Daily Trust: How was your childhood in the village?
Mr Osita Okechukwu: Most times, we had commonality, we had common friends, we visited one another, we ate together, we went to school together, and we played together. I had an elder sister in Aba. During the holiday, she came to pick me up once in a while. We travelled from Eke, my village, to Aba with her, which is about 200 kilometers. Later in life, she got transferred to Lagos. So, I started going to Lagos to stay with her on holidays.
DT: What do you remember most about this period?
Okechukwu: I entered a train for the first time during the period. That was exactly in 1962. It was a big and memorable experience for me to travel from Enugu to Aba by train. It’s not a long distance, but for me, it was like I was going to England. Normally, you were known to have entered cars or trucks once or twice then, but not train. There was a particular truck known as ‘Austin’ which was my preference against ‘Morris’. I used to go to Nsukka with it. I preferred Austin maybe because my baptismal name is Augustine. So, I would tell my father that I would like to enter ‘Austin’ instead of ‘Morris’. Those were trucks in the 60s. You could imagine the feeling of a child who had travelled in a Volkswagen bus. But suddenly, he had to travel by train. It was an experience travelling by train. I travelled with my sister. At each station, she would buy one or two things. It was very lively. It remains memorable. Even when she died, I took it upon myself that I owed her because she established some memories in me. She was the first person who took me abroad on holiday as well. She was married in Imo State – Mrs Rebecca Ikwuegbu. What keeps her memory in me is that when we went on holiday for the first time in 1962, I went with my cousin who lives in London now. She told us that if you wanted to come back on holidays, you must pass your examination well. So, at every exam, I always remembered that I wanted to go on holiday, I had to study extra hard. So, it became memorable. It was just like the maxim which my father gave me some time ago. I had a nephew who was schooling at St John’s Secondary School, Alor. Whenever he returned from holiday, he wore canvas and stockings with a vest. So, one day, my father bought a pair of shoes for me at Christmas. I said no. I didn’t want the shoe, but canvas. He asked me what I was looking for. I said I wanted canvass. He said: “Ah! You can’t get a canvas until you go to college, have you seen anybody in primary school wearing canvas? So, naively it remained a message to me that I must go to college in order to wear canvas. Little did I know that canvas could be bought without going to college. He said Richard, Boniface and Raymond were all in college. By college, he meant secondary school. He said when I gained admission to college; he would buy canvas shoes for me, that he won’t buy canvas for a boy in primary school. At this point, it stuck in my mind that I must go to college one day, so that I would wear canvas.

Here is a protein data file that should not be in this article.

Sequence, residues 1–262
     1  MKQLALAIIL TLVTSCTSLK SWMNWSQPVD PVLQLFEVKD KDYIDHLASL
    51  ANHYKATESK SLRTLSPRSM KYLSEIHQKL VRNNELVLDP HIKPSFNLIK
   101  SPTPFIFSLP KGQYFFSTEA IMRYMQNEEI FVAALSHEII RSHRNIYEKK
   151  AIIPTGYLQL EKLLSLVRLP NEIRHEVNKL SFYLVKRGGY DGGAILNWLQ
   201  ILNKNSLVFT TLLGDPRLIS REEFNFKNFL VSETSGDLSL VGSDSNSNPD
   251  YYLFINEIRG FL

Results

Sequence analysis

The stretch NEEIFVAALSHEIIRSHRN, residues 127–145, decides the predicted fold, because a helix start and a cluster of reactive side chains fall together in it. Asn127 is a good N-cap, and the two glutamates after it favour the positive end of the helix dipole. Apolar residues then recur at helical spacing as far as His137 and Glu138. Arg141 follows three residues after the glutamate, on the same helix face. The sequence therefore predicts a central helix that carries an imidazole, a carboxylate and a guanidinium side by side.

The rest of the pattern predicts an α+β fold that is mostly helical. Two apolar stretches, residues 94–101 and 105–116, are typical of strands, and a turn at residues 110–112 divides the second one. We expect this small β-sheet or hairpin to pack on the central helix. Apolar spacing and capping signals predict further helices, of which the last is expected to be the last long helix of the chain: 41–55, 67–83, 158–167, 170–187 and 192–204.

DT: Are you applying this on your children?
Okechukwu: To be honest, once in a while, I tell them how we came where we are. I also try to tell them one of my father’s credos. When you became lousy over your studies, my father would say you were not studying for him. (He would say: I might not be there when you become a big man or whatever you want to be. As long as I’m alive, I would always find something to eat with my wife. You are not helping me. I’m helping you). I keep repeating this to my children as well – that they are not helping me. I’m helping them. I’m training them to be good for themselves and not for me. And it happened, when I just finished secondary school, I proceeded to a Teachers Training College under a crash program called Universal Primary Education (UPE) in the 70s. Unluckily, it was the same year that I came out that my father died. So, I didn’t even receive a salary, where I could have said I had the honour of sharing my salary with him. It happened the way he proclaimed it. I keep telling my children that I’m pushing them to study for their personal interests. If there is any way I benefit, then it will be a bonus.
DT: Do you have particular experiences you can share with your young ones?
Okechukwu: There are a lot of experiences. I remember that in those days, there were kinds of certainties in schools, university or college. Let me tell you about my admission and the university experience. One day, I was teaching. Somebody came and said that he saw my name in the Daily Times newspaper, I couldn’t believe it. I rushed to the man from whom I used to buy copies of Daily Times. That was one Friday evening. His wife told me that he had travelled for weekend. He normally locked up copies of the Daily Times in his cupboard. He bought it, filed it and locked it up so that nobody could take it away. I had to wait till Sunday evening for the man to return. You could imagine the suspense. There was no GSM then. Nobody talked to anybody on it. I was teaching at Nsukka. I applied for admission at the University of Nigeria, Nsukka. But by the time I got the information, the university had closed for the day. On Saturday, the department was not open. So, I waited until the man came back on Sunday evening.
In fact, as I finished eating in the afternoon, I went to the man’s house. The man was eating. He said I should allow him to eat. I had to wait. As soon as he was ready, he opened his cupboard. He asked my name. I told him. He slipped through. Then, he said congratulations.